If you or a member of your family have been injured on the job and have a workers compensation claim or case in the State of Kansas, you may be aware that there are caps, or maximums, on the amount of compensation you can receive for your injuries. For example, if an employee is killed in a Kansas work accident injury, the most his heirs can receive is $250,000. However, one group of Kansas legislators is trying to change these caps ...
A group of Kansas state Democratic leaders met with officials from the Kansas Coalition for Workplace Safety on February 26, 2010. They held a rally to support two bills in the Legislature that would raise the workers compensation caps for injured workers. Kansas AFL-CIO representative Andy Sanchez noted his group's belief that workers comp laws in Kansas are "woefully inadequate. We rank 42nd in the nation" in the amount of compensation provided for injured workers.
There have been several attempts to raise the caps in the past which have been unsuccessful. Right now the current bills are in committee and it is unknown when, or if, the bills will ever make it out of committee and onto the floor of the legislature. Right now there is no action being taken on either bill.
Kansas also has caps on the amount of compensation an injured employee can receive for permanent total disability and also permanent partial disability. These caps are the maximum amounts of benefits an employee can receive. For permanent total disability, compensation is capped at $125,000.
Many other states, including Missouri, have no caps on permanent total disability and death benefits. Aside from the caps, there are other advantages and disadvantages of each state's work comp laws. Because of this, in areas like Kansas City, Missouri and Kansas City, Kasas, where an employee may work in one state and live in another, or may travel around the city doing work in both states, it is important to know which jurisdiction you can file a claim in. There are several factors that determine which state has jurisdiction over a claim. An experienced workers compensation attorney can review your information and tell you what your options are regarding jurisdiction.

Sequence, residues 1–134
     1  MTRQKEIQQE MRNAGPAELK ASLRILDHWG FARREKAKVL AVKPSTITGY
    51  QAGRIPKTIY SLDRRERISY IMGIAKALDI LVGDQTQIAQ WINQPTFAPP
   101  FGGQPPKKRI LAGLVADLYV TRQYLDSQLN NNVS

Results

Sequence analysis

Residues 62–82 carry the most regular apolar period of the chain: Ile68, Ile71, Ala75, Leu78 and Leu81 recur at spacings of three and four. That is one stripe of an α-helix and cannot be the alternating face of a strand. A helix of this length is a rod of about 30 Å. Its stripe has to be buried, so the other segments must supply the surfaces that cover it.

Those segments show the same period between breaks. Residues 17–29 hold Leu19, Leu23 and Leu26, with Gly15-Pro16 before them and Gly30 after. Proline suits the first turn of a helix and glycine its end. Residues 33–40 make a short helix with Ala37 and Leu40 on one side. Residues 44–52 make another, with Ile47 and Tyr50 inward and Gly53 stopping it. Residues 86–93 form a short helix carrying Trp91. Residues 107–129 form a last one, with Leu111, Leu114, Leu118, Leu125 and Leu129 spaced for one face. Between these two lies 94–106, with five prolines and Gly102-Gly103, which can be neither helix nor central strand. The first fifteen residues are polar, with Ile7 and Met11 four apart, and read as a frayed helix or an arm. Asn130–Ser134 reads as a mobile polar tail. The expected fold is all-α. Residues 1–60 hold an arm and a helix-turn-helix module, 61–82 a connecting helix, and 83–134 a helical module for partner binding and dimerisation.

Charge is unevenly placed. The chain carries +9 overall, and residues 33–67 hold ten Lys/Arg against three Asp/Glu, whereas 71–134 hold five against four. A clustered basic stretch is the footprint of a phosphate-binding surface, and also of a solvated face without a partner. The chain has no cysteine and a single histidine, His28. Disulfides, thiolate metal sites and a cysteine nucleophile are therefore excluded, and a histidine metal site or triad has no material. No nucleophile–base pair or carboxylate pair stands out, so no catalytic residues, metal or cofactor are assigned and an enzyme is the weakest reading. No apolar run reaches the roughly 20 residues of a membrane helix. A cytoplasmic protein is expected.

The experienced workers compensation lawyers at Roswold Law Group have handled many cases over the years involving dual jurisdiction workers compensatoin claims, which means that the claim can be brought in Missouri, Kansas, or both states, and the choice of which jurisdiction to pursue your work comp claim and which state to file for workers compensation varies from case to case and even issue to issue. For example, the maximum compensation rate for temporary total disability might be higher in Missouri than Kansas but the max comp rate for permanent partial disability might be higher in Kansas than Missouri. TTD benefits paid are not subtracted from the formula when determining compensation for permanent partial disability whereas TTD benefits might be deducted in Kansas depending on the number of weeks paid and whether the injury is a scheduled or nonscheduled injury. Consultation with an experienced work comp attorney is well advised. The best workers compensation attorneys offer a free consultation with no obligation.